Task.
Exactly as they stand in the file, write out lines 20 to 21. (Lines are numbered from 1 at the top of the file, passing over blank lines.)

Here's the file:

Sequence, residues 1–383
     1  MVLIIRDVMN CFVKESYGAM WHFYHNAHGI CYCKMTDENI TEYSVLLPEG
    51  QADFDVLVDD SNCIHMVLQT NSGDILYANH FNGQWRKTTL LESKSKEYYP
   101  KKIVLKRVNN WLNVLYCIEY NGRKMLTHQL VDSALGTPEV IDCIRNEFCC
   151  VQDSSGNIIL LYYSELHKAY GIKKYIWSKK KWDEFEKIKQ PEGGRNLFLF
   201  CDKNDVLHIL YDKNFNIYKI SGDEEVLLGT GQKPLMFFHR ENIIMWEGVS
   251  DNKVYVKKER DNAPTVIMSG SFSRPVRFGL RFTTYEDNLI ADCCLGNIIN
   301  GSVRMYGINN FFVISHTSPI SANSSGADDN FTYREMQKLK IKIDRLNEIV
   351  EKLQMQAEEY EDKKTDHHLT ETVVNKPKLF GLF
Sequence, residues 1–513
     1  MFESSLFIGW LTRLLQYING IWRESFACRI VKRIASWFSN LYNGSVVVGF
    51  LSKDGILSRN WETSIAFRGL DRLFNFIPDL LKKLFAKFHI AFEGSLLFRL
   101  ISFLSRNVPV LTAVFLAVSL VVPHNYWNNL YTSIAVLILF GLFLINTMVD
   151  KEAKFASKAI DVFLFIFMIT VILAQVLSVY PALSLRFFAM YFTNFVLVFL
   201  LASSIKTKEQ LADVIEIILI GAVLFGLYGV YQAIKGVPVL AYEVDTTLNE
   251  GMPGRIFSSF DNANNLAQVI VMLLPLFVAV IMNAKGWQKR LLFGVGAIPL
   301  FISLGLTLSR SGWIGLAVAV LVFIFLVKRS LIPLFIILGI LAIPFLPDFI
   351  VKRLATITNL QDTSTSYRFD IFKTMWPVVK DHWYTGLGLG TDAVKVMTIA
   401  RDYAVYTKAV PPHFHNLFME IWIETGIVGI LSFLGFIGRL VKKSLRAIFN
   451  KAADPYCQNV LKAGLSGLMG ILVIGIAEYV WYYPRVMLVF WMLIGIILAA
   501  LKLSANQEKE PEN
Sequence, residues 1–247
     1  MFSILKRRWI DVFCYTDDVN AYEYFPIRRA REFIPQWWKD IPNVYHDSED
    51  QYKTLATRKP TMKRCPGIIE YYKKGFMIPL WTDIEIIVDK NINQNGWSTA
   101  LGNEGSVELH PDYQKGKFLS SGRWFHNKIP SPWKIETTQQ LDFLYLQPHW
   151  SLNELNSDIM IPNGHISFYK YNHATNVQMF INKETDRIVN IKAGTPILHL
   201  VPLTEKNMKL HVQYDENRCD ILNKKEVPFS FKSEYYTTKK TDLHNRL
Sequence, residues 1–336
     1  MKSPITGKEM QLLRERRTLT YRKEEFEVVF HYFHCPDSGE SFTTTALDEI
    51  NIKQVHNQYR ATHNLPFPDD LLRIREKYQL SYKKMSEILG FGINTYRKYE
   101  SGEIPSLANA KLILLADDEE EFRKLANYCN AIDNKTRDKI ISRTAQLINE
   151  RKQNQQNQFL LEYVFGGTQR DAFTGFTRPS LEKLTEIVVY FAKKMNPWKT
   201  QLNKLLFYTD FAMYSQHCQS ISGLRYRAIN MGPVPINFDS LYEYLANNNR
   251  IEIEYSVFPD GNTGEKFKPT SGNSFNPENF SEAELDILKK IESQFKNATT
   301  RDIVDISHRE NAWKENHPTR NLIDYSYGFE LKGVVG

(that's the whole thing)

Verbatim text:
   451  KAADPYCQNV LKAGLSGLMG ILVIGIAEYV WYYPRVMLVF WMLIGIILAA
   501  LKLSANQEKE PEN